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Snorkeling in Florida: Best Snorkeling Beaches and Spots

The best snorkeling beaches in Florida have calm, clear water, and something interesting to look at within a short swimming distance from the beach. Rocks or a hard scrabble bottom with corals, sponges and sea fans make the best snorkeling because they provide habitat for all kinds of marine life like crabs, fish and shells.

Calm water is preferred. Calm water is usually clearer than rough water and its definitely easier to breathe through a snorkel in calmer water. Rough water will bang you into rocks or pier pilings or any other solid object near you. It's also easier to stay in one place to observe marine life when the water is calm.

Clear water is essential. What good is a mask if the water is so full of sediment and suspended particles that you can't see three feet past the end of your nose? And we all want something interesting to look at. Staring at a white sandy bottom gets boring after a short while. Rocks, sea grasses and coral make the most interesting snorkeling. These environments attract all kinds of fish species that we love to see. Old pilings are good attractors of marine life as are old shipwrecks.

You can snorkel from most any beach in Florida, but you'll have more fun if you pick the beaches with the best snorkeling potential. I have not snorkeled at all of these spots. The purpose of these snorkeling pages is to bring together the best information I can find and to link to it to make your internet research easier and less time consuming.

If you are seriously into snorkeling and have high expectations of clear, warm water with lots of corals and tropical fish, you only have one real choice: the Florida Keys. The best snorkeling in the Florida Keys takes place several miles offshore on the coral reefs, so you'll need to take a snorkeling charter (unless you have your own boat and have experience boating and snorkeling around coral reefs.)

There are very good snorkeling beaches in the Florida panhandle and on the southeast (Atlantic) coast. There are a few interesting snorkeling locations on the southwest coast beaches.

What is the best time of year for snorkeling in Florida? Most people prefer the warmer months. The water can get pretty chilly in Florida during the winter months, especially north of Tampa Bay on the Gulf side, and north of Cape Canaveral on the Atlantic side. See the average water temperatures in Florida, by month, for the Gulf of Mexico and the Atlantic Ocean.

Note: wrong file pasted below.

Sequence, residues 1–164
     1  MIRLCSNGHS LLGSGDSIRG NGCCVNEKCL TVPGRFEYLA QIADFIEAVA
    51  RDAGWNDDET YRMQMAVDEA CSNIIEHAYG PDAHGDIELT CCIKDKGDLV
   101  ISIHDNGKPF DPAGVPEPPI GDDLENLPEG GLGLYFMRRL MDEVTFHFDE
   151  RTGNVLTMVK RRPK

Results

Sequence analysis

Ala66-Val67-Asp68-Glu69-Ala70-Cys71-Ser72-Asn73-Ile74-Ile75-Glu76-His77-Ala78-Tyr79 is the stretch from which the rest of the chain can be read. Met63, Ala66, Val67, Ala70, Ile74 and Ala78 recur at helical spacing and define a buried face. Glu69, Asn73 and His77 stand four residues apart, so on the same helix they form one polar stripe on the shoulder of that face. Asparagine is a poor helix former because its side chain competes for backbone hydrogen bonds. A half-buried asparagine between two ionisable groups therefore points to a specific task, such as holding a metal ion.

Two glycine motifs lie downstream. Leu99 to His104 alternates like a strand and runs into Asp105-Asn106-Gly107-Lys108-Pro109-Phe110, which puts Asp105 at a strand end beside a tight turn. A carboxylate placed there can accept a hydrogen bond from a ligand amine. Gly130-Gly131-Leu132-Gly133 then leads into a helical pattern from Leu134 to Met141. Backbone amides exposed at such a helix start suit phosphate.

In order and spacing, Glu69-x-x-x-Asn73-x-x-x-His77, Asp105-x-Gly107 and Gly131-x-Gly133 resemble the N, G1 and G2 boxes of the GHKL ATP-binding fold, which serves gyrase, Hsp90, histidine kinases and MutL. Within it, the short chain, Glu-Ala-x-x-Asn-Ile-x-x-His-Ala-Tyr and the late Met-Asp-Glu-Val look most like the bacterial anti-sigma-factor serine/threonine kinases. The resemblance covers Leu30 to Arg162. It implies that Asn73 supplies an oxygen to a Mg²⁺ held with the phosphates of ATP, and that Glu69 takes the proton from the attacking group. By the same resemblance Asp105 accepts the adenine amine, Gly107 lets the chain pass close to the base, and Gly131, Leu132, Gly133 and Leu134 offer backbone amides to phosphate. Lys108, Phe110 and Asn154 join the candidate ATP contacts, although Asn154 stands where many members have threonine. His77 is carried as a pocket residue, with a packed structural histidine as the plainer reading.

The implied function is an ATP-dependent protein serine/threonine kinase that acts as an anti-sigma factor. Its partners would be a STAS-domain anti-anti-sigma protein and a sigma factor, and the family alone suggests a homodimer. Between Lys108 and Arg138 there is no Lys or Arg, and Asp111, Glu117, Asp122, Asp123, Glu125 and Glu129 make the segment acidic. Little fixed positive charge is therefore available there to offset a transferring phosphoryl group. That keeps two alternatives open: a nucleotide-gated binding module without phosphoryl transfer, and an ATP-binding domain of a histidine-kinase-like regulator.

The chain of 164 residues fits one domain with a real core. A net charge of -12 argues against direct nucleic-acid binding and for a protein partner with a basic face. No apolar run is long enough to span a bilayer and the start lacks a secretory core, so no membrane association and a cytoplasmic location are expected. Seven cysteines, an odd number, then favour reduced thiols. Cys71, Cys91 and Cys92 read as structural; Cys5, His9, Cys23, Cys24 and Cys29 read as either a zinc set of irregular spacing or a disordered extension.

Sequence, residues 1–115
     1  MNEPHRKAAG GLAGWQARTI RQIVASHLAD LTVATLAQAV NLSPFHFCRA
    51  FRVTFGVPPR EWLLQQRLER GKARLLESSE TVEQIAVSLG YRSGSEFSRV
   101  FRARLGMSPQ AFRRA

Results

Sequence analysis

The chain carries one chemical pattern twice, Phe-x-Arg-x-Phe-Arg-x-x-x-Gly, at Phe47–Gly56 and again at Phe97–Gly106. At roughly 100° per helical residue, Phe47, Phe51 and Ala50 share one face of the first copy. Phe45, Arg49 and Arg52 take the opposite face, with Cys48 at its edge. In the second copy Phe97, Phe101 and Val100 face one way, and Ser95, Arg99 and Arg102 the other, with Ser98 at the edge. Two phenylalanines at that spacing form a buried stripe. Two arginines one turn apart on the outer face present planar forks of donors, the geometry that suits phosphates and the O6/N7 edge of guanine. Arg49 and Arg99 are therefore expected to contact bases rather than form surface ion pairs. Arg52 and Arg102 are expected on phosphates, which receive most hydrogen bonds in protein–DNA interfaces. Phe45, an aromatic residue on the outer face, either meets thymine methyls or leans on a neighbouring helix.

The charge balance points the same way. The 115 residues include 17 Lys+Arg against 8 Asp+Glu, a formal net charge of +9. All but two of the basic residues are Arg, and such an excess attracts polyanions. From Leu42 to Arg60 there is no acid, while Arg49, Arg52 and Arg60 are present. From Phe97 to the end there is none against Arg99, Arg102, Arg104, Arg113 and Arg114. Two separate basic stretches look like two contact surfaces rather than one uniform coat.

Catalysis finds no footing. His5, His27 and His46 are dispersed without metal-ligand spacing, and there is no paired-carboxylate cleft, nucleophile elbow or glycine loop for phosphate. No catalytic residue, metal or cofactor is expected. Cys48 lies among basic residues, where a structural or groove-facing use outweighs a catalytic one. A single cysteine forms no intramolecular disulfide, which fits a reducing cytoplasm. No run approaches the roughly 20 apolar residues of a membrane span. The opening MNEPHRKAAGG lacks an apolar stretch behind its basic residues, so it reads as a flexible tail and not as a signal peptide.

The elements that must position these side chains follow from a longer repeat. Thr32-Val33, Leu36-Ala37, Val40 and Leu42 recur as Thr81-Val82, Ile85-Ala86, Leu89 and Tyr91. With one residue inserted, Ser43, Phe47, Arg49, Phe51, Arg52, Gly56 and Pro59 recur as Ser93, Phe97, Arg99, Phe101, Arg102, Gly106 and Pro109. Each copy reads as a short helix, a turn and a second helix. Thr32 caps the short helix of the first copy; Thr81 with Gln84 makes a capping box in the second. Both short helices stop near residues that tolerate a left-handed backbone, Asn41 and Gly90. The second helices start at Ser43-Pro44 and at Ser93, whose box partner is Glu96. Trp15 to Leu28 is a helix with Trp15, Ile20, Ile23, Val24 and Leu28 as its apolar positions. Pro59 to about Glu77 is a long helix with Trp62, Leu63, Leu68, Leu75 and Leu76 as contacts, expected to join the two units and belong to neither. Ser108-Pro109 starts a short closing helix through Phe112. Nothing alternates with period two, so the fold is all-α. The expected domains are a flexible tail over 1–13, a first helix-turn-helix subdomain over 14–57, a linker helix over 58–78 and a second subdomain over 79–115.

Cautions:

  • Diving near or in passes (inlets) should only be done on slack tides, usually an hour or two before high tide. Always check with local dive shops for the do's and don'ts of a particular inlet jetty.
  • Snorkeling off the beach when the surf is up can expose you to rip currents.
  • Snorkeling around a jetty or near a pier can result in you being hooked by a fisherman.
  • Snorkeling where there is boating traffic or jet-ski traffic could result in your untimely death.
  • Always use a dive flag when you are snorkeling (unless you are in a safe swimming area just a few feet off the beach).
  • The sea is not a swimming pool. Conditions change from day to day, even hour to hour. Just because you have warm clear water one day is no guarantee that it will be the same the next time. Fish come and go.
  • Be aware of jellyfish in the water. If you see a lot of jellyfish on the beach, there are probably a lot in the water as well.

 

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This list of snorkeling beaches focuses on spots that are within two hundred feet or less of the beach. Following are popular snorkeling spots that are easily accessible from the beach:

 

Snorkeling in the Florida Panhandle

Fort Pickens Jetties & Pensacola Beach

Destin Inlet Jetty (East Jetty)

St. Andrews Jetties

 

Snorkeling Spots in Southwest Florida

Egmont Key

Sugar Barge (Regina), Bradenton Beach

Point-of-Rocks, Siesta Key

Venice Beach

 

 

Southeast Florida Snorkeling Spots

Other than the Keys, the southeast coast of Florida offers the most snorkeling opportunities. Rock reefs run parallel to the coast at varying distances from shore. In some areas the rocks are just a short swim from the beach. Coral reefs begin to thrive in the warm waters around Miami. Here are some of the best and easiest snorkeling spots to access:

Sebastian Inlet State Park

Bathtub Reef Park, Stuart

Red Reef Park, Boca Raton

Datura Avenue Shipwreck Snorkel Trail, Lauderdale-by-the-Sea

John U. Lloyd Beach State Park, Dania

Peanut Island

Biscayne National Park